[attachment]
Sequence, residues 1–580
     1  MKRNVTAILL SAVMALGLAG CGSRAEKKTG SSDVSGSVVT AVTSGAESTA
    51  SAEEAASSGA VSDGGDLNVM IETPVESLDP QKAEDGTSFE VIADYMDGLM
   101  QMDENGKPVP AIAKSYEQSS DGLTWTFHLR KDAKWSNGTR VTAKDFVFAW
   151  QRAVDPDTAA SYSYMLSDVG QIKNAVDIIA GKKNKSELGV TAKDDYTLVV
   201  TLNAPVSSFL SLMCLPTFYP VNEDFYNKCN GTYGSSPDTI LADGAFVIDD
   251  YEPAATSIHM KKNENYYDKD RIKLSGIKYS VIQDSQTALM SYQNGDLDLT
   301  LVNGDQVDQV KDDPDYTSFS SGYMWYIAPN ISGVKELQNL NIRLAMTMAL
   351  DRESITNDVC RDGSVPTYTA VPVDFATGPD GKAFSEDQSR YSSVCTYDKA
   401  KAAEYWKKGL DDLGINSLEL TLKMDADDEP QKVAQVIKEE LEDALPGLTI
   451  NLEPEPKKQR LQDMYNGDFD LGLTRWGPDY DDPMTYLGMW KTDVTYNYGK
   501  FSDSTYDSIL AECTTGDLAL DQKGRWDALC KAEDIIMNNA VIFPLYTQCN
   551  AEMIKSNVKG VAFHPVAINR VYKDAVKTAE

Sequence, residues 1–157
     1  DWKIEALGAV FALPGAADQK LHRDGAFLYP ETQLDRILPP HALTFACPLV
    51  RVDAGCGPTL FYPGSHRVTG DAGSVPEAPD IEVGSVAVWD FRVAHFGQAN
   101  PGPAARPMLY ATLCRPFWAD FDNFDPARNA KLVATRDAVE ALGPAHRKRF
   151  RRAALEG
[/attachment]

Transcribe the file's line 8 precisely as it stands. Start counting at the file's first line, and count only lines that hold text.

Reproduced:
   301  LVNGDQVDQV KDDPDYTSFS SGYMWYIAPN ISGVKELQNL NIRLAMTMAL